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Even at the time it was announced near the end of the first term of the Reagan administration, such luminaries as William Safire mischaracterized the Weinberger Doctrine as a conservative retreat from the use of force in U.S. international relations. Since that time, scholars have largely agreed with Safire that the six points spelled out in the statement represented a reaction to the Vietnam War and were intended to limit U.S. military action to only the fun wars that could be relatively easily won or those in response to direct attack.
In this work of extensive original scholarship, military historian Gail Yoshitani argues that the Weinberger Doctrine was intended to legitimize the use of military force as a tool of statecraft, rather than to reserve force for a last resort after other instruments of power have failed. This understanding sheds much clearer light on recent foreign policy decisions, as well as on the formulation and adoption of the original doctrine.
With the permission of the family of former Defense Secretary Caspar Weinberger, Yoshitani gained access to Weinbergers papers at the Library of Congress. She is the first scholar granted access to General (ret.) John Vesseys archive at the Library, and her security clearance has made it possible for her to read and use a large number of materials still classified as secret or top secret.
Yoshitani uses three case studies from the Reagan administrations first term in officeCentral America and two deployments in Lebanonto analyze how the administration grappled with using military force in pursuit of national interests. Ultimately, the administration codified the lessons it learned during its first term in the Weinberger Doctrine promulgated by Secretary of Defense Weinberger in a speech on November 28, 1984, two weeks after Reagan won reelection in a landslide. Yoshitani carefully considers the Weinberger Doctrines six tests to be applied when considering the use of military force as a tool of statecraft.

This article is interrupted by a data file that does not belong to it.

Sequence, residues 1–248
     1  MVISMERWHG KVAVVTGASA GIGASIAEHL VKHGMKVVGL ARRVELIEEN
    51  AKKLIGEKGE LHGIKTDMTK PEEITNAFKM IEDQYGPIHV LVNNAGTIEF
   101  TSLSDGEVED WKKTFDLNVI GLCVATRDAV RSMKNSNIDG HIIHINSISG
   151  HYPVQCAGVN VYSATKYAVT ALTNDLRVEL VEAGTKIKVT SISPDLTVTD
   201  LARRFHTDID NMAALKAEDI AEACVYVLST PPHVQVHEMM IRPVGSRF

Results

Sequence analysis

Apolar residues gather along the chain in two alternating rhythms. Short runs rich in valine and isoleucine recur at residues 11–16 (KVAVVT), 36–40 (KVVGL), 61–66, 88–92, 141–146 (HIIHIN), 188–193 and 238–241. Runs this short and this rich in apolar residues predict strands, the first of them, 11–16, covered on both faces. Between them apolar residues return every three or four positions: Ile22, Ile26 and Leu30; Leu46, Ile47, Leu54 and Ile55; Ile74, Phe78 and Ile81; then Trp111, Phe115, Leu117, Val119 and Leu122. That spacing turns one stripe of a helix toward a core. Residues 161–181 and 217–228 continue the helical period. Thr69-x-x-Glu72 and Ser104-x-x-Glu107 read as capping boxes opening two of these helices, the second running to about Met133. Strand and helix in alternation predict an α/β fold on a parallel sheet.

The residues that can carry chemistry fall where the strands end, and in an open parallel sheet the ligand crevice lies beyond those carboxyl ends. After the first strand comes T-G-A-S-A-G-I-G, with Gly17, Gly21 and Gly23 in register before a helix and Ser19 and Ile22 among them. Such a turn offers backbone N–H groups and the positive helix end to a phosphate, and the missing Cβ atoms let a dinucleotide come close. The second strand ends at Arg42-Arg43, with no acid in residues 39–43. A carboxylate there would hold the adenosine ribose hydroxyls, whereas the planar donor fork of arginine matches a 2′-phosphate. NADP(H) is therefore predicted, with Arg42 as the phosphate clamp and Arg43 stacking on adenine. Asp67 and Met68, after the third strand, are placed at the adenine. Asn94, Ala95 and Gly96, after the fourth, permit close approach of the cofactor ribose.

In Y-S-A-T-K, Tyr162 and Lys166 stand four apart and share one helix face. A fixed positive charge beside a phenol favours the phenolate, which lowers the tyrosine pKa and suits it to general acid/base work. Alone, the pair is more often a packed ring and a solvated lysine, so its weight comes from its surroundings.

Just as the Reagan administration was forced to dance an intricate step in the early 1980s as it sought to use force as a routine part of statecraft, current and future administrations face similar challenges. Yoshitanis analysis facilitates a better understanding of the Doctrine and how it might be applied by American national security managers today.
This corrective to the common wisdom about the Weinberger Doctrines goals and applicability to contemporary issues will appeal not only to diplomatic and military historians, but also to military leaders and general readers concerned about Americas decision making concerning the use of force.